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Wehner Homestead

Discussion in 'Member's "BackYardHerds" Journals' started by Wehner Homestead, Dec 4, 2017.

  1. Dec 4, 2017
    Wehner Homestead

    Wehner Homestead Herd Master

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    We bought our farm February 2010. Since then, we have added three kiddos (two of which, their first words was "moo.") We started with some Angus cows and a few finds with the best confirmation possible at market price to raise Show cattle. We've also added feeder pigs and we had Boer goats but have switched completely to Nigerian Dwarf Goats to provide milk. Four years ago, we also added chickens of the meat variety. This was quite a learning experience but we now have a varied laying flock that we are looking to make dual purpose. Our chicken story can be found under the same name on BackYard Chickens. We also have 7 dogs and 9 barn cats, along with 2 guinea pigs. I'll add more on each and pictures as time allows.
     
  2. Dec 4, 2017
    Wehner Homestead

    Wehner Homestead Herd Master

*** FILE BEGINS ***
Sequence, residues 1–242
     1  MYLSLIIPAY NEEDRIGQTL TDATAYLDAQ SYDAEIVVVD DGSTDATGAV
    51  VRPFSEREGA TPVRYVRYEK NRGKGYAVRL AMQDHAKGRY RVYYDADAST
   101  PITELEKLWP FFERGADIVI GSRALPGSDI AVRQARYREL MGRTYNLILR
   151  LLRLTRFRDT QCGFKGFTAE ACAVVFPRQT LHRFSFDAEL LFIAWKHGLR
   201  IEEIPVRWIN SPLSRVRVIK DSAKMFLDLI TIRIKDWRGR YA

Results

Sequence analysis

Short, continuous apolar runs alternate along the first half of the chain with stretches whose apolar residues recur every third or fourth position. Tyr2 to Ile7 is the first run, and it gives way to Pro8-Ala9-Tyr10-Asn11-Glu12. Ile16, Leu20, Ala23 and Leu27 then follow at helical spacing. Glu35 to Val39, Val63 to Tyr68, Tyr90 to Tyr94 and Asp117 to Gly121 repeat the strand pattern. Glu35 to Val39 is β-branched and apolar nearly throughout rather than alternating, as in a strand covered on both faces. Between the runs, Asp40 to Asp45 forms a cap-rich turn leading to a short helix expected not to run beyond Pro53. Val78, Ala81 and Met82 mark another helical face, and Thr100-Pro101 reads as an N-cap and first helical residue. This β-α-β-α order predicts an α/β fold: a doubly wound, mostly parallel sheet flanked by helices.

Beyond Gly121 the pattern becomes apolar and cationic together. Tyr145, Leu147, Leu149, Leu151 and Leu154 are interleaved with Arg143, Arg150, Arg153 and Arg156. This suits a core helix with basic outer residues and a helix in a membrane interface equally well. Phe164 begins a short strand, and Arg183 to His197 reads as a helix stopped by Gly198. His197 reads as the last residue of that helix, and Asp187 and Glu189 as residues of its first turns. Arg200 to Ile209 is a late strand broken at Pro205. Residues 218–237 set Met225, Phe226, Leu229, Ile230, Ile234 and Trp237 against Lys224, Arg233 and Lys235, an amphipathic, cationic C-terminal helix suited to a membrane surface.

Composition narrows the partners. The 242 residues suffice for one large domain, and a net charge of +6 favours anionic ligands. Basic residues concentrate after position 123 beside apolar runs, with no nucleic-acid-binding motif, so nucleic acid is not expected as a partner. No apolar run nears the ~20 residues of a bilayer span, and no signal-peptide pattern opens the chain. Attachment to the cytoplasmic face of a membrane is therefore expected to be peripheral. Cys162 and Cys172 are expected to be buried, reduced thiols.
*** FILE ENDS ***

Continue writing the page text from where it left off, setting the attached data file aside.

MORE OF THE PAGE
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    Recent story: the end of October we had a Nigerian Dwarf goat due. She was to have our first Dwarf kids. I was worried sick about her and I was never like that about our Boers. I actually took a sleeping bag to the barn with her!

    She went a few days over (I'd have to look at my records to see how many but I think it was a week.) An hour after I saw her having true contractions with no real progression, I sleeved her. There were two front feet presenting but no head.

    Now some background: our Nigerians were not an impulse buy but I have learned SO much about them since I entered into the agreement to buy this group in May. First off, Sephie wasn't old enough nor big enough to be bred. I didn't lay eyes on her until we picked her up but the breeder offered a free breeding so I assumed that she was big/old enough. Not! Sephie turned one on 12/3. She was bred the end of May and was due to kid almost 2 mos before her first birthday. Not a safe plan!



    I sleeved her to find that her pelvis was too tight for my hand to enter. I'd read that this shouldn't be the case, as I have a really small hand/arm. I'm the go-to for sleeping. I finally forced my hand in and her pelvis was so small that the bones were grating on mine. I finally got in far enough to feel around and find the head. It was down and to the side.

    Despite multiple attempts to hook a bale string around the kid's ears as we were unsure if it was still alive or not, we couldn't keep the head up and in position. I felt as though her pelvis just wasn't big enough. I called out vet and she agreed to try pulling the kid.

    Side note: this all occurred during our daughter's birthday party at the farm. We had more than 50 people here. My sister-in-law and I just loaded Sephie up and left.